I recently read Kritzmen and Li’s clever 2010 paper Skulls, Financial Turbulence, and Risk Management. Kritzmen and Li characterize financial turbulence as a period where established financial relationships uncouple, prices swing, and market predictions break down. Does that sound like financial markets in 2020? Yup. So I thought it would be interesting to take a look at how these authors’ proposed turbulence index characterizes the year 2020 so far. And of course, we’ll see that current markets are indeed ridiculously turbulent.

The core concept of this paper is that in a turbulent regime established correlations between assets break down, so a measurement of turbulence ought to take correlation into account. The way that accounting is done is by constructing a “turbulence index” based on the Mahalanobis distance: $$ d_t =(\vec{x}_t – \mu )\Sigma^{-1}(\vec{x}_t – \mu)^T$$ where:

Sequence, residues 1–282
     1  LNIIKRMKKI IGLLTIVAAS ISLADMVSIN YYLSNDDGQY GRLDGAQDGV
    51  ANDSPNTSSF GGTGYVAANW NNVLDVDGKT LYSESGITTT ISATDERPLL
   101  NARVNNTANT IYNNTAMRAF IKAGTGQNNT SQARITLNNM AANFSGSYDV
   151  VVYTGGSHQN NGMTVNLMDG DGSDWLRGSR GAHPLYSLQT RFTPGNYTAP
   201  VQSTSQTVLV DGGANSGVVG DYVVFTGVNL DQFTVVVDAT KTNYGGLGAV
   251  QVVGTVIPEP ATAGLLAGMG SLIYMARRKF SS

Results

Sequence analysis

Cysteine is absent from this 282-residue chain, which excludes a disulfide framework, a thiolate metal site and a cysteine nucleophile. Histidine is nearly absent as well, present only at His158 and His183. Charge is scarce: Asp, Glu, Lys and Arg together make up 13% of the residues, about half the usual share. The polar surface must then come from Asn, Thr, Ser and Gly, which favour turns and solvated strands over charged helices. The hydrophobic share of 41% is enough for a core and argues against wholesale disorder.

- $d_t$ is the value of the index at time $t$
- $\vec{x}_t$ is an $1 \times n$ row vector of asset returns
- $\mu$ is the the $1 \times n$ row vector of means of the columns in the data set
- $\Sigma$ is the $n \times n$ covariance matrix for the columns in the data set

Kritzmen & Li consider a time frame to be turbulent when $d_t$ is above a particular percentile threshold (e.g. 75%).

To give this formula a try, I used a free Quandl account and its associated Python package to pull a bunch of economic and financial indicators and compute their monthly returns for a period from 1980 – 2020.

```
import pandas as pd
import quandl
quandl.ApiConfig.api_key = os.environ["QUANDL_API_KEY"] # put your API key in your environment or hard code it here.